Keeping Up with the Joneses full movie review - "Keeping Up with the Joneses"- A so-so comedy salvaged and saved by its highly likable cast.
Another victim in the rash of high-profile flops in 2016, director Greg Motolla's "Keeping Up with the Joneses" is on the surface a wholly unremarkable film in virtually every sense.
Its high concept plot and broad, calculated comedy set-pieces following the long-standing tropes and clichés of modern comedies verbatim, the film is very much a rinse- and-repeat affair. It's essentially a retelling of many a contemporary comedy film, liberally borrowing plot-points and sequences from everything from "The Burbs" to "Meet the Parents" to "Mr. and Mrs. Smith." And yet, despite its almost cynical structuring and writing, there's somehow still much fun to be had with the proceedings, thanks in no small part to the very enjoyable and highly likable cast, who elevate the sub-standard material far beyond the reaches it would seem to have based on its shallow scripting.
In a seemingly idyllic upper-class neighborhood, couple Jeff and Karen Gaffney (Zach Galifianakis and Isla Fisher) contend with their ho- hum, everyday lives, struggling to try and re- ignite the "spark" in their marriage now that their children are away at camp for the Summer. The neighborhood is rocked by the arrival of the Joneses (Jon Hamm, Gal Gadot), the hot, young new couple moving in down the street, whose lack of fault and apparent "perfection" in virtually every sense makes them both the subject of admiration and suspicion to their new neighbors. While they try to be hospitable, the Gaffney's soon learn that they had every right to doubt the Joneses- quickly realizing that they are actually government super-spies who are in town on a very specific mission... a mission that whether or not they like it, they will become a part of.
The beating heart of the film is our four leads, who thankfully are able to create and maintain enough good will from the audience to salvage and save the otherwise forgettable affair. I've always said that one of the most important things a comedy can have is a sense of charm when it comes to the leads, and that should this sense of charm be properly established and developed upon, then a lot of faults can be forgiven. And I do think that's the case here. Galifianakis and Fisher make for a set of great leads, with just enough of a subdued spunk to make you crack a smirk and a chuckle with their antics. They're portrayed just "boring-yet-zany" enough that it lets the comedy organically flow, and many of the film's best moments are not the action-beats or the broad gags, but just the fun little moments of a husband and wife riffing off of each other in a given scene.
Hamm and Gadot are also a great bit of fun. While he's known more for his roles in business suits spouting intense dialog, I've always found Jon Hamm a very capable and entertaining comedic figure with his supporting roles in works like "30 Rock" and "Bridesmaids." It's nice seeing him as one of the big stars in a straight-comedy where he can stretch his legs a bit more. He's got a great sense of banter with the rest of the cast and continues to ooze that coolness that made him such an appealing figure. Gadot was the one hold-out that I was apprehensive about going in. I'm only familiar with her of course from her turn as Wonder Woman in the ridiculous let-down that was "Batman V Superman", and while she did kick major butt, she often fell very flat for me. And I'm a bit on the fence here. She's obviously shown off on camera quite a bit and continues to prove a very capable action heroine, but in the more subdued moments attempting at creating a minor sense of drama... she does fine, but never quite reaches the level of the rest of the cast. Thankfully, she proves a good presence on the whole, thanks to a few good laughs and a nice bit of chemistry with Hamm and particularly Fisher. She may not be the next great comedic actress, but she's good fun here and seems to be having a great time trying something new.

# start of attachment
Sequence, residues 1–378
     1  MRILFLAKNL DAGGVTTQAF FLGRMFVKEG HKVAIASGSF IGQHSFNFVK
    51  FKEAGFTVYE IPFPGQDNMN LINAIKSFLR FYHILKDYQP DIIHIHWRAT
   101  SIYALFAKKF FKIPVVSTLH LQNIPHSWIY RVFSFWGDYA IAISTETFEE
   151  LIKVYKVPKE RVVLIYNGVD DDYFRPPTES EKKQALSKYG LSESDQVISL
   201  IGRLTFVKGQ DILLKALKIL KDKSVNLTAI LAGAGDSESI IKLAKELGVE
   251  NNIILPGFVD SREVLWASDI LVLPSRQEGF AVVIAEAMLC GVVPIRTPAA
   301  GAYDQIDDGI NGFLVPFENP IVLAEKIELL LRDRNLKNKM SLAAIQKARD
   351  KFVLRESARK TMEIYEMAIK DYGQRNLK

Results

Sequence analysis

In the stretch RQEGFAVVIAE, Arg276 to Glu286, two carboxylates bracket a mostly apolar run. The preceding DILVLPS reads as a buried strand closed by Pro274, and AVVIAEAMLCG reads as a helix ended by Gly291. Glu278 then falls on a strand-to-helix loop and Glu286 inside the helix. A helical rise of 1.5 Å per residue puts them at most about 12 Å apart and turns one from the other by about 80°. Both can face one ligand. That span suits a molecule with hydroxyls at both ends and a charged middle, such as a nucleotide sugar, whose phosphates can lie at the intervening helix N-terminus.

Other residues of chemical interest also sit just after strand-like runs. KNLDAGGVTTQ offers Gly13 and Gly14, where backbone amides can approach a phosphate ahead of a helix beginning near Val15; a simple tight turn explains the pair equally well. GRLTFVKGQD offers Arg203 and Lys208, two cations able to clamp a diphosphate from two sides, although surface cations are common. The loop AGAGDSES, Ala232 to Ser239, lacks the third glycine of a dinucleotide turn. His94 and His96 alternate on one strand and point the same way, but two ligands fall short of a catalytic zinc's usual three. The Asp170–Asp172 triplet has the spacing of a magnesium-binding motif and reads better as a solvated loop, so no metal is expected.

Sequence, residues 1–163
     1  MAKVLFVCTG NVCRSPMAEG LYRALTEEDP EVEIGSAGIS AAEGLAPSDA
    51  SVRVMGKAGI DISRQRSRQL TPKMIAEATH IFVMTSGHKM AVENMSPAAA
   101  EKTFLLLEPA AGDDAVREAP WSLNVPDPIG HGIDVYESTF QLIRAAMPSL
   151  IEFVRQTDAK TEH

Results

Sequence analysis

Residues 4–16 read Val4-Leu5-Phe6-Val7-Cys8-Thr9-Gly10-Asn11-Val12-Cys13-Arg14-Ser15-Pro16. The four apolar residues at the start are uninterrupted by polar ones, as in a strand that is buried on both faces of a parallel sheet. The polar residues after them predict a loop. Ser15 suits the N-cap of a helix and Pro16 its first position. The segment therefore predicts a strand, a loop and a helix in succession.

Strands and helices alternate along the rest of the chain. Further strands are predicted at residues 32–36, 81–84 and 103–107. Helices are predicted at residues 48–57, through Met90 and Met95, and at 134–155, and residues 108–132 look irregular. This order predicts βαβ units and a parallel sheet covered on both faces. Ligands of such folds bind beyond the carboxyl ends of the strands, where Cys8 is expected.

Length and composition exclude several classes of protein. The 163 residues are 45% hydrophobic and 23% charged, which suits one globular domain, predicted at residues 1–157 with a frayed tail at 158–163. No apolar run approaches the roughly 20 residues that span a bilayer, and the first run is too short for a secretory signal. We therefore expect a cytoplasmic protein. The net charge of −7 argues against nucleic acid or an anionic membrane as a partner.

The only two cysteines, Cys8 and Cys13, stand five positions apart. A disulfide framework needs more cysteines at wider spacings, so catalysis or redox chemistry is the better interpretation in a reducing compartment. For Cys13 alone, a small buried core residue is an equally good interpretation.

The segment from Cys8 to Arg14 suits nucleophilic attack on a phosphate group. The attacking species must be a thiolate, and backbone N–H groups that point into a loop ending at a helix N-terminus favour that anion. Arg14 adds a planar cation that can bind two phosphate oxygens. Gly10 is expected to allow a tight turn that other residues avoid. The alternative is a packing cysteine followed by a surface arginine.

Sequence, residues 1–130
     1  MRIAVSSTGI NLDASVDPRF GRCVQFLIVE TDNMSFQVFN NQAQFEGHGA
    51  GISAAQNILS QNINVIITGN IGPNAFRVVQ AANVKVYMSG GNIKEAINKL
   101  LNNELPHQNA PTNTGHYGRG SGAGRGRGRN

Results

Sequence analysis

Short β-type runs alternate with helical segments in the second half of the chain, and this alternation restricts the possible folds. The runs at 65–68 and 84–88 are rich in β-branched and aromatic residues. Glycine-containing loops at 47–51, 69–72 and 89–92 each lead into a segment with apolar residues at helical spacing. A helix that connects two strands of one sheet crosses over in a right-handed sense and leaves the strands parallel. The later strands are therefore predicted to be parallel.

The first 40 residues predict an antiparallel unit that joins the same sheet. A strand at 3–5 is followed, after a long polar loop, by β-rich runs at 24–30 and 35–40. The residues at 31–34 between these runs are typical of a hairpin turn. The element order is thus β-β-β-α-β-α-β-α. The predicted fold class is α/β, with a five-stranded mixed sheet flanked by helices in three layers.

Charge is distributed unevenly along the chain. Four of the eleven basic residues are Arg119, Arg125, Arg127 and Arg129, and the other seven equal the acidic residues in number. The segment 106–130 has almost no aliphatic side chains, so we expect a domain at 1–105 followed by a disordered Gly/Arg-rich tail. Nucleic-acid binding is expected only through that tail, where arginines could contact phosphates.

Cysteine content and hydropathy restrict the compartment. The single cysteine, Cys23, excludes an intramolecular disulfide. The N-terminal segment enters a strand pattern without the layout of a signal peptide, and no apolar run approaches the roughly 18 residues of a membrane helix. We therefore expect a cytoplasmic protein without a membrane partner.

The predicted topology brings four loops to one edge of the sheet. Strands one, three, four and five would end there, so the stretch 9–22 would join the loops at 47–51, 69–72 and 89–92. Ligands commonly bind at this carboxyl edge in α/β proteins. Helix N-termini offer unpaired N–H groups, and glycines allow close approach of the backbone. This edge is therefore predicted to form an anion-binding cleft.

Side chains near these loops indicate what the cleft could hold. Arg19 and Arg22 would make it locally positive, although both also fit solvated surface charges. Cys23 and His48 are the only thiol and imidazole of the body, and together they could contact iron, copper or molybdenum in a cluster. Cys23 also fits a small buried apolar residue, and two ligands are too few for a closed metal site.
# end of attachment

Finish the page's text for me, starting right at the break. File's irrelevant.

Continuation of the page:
When it all comes down to it, "Keeping Up with the Joneses" is a film all about the cast and character humor. Its plotting and story are amongst its most disposable facets. And while it does try to mix things up a bit with action set-pieces in its second half and some attempts are wild gross-out/slapstick humor at times, those are the parts where I found myself checking out. It's in the plethora of sequences where Galifianakis and Fisher are allowed to be a fun, enjoyable couple... the scenes where Fisher and Gadot have fun beats as they get to know each other... the scenes where Galifianakis and Hamm hang out as "just a couple guys in an extraordinary situation"... its those scenes where the film is at its best. It would have almost been far more interesting a film if it eschewed its overall storyline and instead focused on just what it was like to discover your neighbors are super-spies for the government. But for what it is, its definitely serviceable thanks to those great performers that ratchet up the entertainment factor. It's not a great movie by any means. But it definitely is a very watchable piece of good-old "dumb fun", and would make for a good diversion on a rainy day when you don't feel like leaving the house.
I'm giving "Keeping Up with the Joneses" a slightly above average 6 out of 10. Don't let the poor critical reception frighten you off. If you're in the mood for a couple of laughs, you could do far worse. And if it's a film you think looks entertaining enough, chances are you'll have a good time. Everyone at my theater certainly seemed to be having one... even if we also occasionally rolled our eyes in between giggles.